Proposed US privacy watchdog gets mixed reviews

Some observers applaud Obama administration for focusing on privacy, others question the need

By , IDG News Service |  Government

A new position in the Obama administration to coordinate privacy policy wouldn't necessarily be a bad idea, however, Lenard said. Privacy is an important policy issue that the administration should be focused on, he said. "Obviously, if it's a policy I disagree with, I might prefer that they have no policy," he added.

On the other side of the U.S. privacy policy spectrum, privacy advocate Jeffrey Chester questioned the Department of Commerce's push to become the central agency in charge of privacy policy. That approach raises questions about a continued FTC role in enforcing privacy rules, he said.

"Industry is fearful of the new Democratic majority at the FTC and a new serious commitment to address privacy," said Chester, executive director of the Center for Digital Democracy, a digital rights group. "Commerce is the wrong place to protect consumers."

The Commerce Department and the Obama administration have an interest in protecting U.S. companies, and Google, in particular, has strong ties to the White House, Chester said. Those ties "place consumer privacy further at risk," he said.

The Commerce Department appears to be headed toward minimal privacy regulations, with online companies allowed to continue their data collection practices, Chester added. The White House launched an inter-agency committee on Internet privacy last month, with a focus on creating new legislative proposals.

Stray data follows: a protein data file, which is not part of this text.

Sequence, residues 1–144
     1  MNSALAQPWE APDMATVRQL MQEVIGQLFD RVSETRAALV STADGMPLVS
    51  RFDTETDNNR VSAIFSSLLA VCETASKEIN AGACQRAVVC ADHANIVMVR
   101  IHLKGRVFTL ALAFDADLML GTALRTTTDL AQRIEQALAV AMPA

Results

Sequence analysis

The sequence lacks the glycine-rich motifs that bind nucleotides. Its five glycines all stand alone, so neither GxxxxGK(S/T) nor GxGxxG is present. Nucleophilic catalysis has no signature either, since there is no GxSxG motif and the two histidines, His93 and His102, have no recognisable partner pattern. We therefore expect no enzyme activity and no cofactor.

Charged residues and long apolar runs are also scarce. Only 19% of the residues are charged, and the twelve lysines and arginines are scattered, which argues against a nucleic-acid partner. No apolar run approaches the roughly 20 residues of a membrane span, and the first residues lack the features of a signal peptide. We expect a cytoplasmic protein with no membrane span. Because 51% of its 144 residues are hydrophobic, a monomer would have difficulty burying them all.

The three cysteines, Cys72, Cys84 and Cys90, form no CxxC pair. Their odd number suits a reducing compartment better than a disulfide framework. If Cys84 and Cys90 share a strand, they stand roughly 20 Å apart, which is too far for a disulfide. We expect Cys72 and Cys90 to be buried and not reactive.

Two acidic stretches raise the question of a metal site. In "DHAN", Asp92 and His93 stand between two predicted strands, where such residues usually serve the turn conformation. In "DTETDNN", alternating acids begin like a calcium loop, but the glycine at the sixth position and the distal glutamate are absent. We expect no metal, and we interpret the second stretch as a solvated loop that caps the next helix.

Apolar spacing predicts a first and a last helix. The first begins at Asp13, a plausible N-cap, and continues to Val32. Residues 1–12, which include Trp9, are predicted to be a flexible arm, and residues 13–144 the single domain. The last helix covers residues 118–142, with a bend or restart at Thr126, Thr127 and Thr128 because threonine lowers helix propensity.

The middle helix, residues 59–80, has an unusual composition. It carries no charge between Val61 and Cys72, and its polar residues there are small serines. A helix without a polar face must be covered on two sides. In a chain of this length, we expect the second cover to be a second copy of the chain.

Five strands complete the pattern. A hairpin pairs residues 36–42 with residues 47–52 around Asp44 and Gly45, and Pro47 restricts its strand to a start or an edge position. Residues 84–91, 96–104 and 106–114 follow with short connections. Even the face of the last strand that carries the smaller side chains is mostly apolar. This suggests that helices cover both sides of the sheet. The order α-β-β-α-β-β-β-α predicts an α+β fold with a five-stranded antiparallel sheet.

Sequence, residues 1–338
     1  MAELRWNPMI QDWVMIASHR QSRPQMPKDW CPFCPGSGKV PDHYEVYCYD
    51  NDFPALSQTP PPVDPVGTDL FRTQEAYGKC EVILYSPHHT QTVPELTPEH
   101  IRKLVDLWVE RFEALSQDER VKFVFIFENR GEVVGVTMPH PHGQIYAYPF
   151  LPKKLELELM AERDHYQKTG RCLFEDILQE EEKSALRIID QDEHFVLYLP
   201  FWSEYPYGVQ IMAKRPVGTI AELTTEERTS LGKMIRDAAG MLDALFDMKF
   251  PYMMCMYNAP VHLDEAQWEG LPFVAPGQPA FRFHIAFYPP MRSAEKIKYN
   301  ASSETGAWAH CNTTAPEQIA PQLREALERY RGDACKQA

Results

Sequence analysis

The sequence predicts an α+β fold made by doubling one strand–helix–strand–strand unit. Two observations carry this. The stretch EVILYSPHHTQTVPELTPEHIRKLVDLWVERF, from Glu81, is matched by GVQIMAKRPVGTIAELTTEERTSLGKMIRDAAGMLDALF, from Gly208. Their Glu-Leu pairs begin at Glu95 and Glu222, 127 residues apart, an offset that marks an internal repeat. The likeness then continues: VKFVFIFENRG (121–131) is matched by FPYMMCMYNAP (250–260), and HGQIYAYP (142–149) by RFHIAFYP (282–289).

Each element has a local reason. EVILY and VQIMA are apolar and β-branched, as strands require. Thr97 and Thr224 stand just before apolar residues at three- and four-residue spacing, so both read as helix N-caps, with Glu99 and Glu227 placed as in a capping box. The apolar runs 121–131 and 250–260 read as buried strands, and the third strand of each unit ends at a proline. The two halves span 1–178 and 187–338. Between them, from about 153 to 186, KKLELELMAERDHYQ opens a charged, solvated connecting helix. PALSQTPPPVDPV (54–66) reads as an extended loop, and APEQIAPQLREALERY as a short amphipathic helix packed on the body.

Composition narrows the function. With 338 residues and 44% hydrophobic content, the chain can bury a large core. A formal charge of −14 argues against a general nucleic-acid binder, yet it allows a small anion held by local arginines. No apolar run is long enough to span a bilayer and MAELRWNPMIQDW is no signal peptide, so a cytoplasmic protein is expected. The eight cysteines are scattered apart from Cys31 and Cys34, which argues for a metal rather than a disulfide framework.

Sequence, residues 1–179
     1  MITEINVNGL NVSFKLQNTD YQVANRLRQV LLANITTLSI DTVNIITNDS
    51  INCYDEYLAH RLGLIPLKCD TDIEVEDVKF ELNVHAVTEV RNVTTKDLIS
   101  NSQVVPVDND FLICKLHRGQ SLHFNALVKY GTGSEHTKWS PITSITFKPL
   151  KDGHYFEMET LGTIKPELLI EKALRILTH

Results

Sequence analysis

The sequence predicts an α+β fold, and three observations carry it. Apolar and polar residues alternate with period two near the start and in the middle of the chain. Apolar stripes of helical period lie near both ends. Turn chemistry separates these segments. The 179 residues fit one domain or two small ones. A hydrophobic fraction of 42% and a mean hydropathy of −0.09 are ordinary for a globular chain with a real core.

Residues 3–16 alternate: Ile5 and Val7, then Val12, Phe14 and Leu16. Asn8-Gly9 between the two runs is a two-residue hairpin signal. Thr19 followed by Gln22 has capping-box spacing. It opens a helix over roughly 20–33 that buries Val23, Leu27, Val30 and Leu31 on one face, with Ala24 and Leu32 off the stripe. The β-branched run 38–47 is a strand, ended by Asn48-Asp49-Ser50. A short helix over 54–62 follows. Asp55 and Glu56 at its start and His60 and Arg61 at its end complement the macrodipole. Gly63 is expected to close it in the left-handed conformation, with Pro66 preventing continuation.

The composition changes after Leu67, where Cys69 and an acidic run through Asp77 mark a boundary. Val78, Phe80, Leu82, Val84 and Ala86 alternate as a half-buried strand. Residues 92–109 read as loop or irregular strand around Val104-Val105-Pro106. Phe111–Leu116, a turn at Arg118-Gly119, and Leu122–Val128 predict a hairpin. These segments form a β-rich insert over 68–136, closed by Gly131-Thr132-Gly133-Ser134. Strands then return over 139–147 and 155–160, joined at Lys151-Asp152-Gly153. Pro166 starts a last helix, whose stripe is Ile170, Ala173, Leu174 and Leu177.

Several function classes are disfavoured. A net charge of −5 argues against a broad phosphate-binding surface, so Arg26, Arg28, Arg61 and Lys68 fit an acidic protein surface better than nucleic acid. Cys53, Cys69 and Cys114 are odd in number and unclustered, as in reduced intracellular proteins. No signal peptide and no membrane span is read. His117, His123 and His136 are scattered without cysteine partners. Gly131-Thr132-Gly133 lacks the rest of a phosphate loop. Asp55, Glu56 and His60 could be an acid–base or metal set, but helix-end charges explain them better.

Representatives of Google and Facebook, two companies that have faced privacy criticism in recent months, declined to comment on the Commerce Department's privacy activities.

FTC officials downplayed the possibility of conflicts between their agency and the Commerce Department. Commerce has included the FTC in its privacy deliberations, and there are enough privacy issues for both agencies to tackle, said a source familiar with the FTC.

"Because we have the franchise on privacy enforcement, we will undoubtedly retain a leading voice on privacy policy," David Vladeck, director of the FTC's Bureau of Consumer Protection, said in a statement.

A new privacy coordinator in the Obama administration could be beneficial to U.S. commerce, said Justin Brookman, senior fellow at the Center for Democracy and Technology, a digital rights group. A lack of modern privacy laws puts the U.S. out of step with much of the rest of the world, in particular the European Union, causing problems for international companies trying to transport data back and forth, he said.

A privacy coordinator in the White House or Commerce Department could focus on data portability issues, he said. "The lack of regulation is really hurting us competitively," Brookman said.

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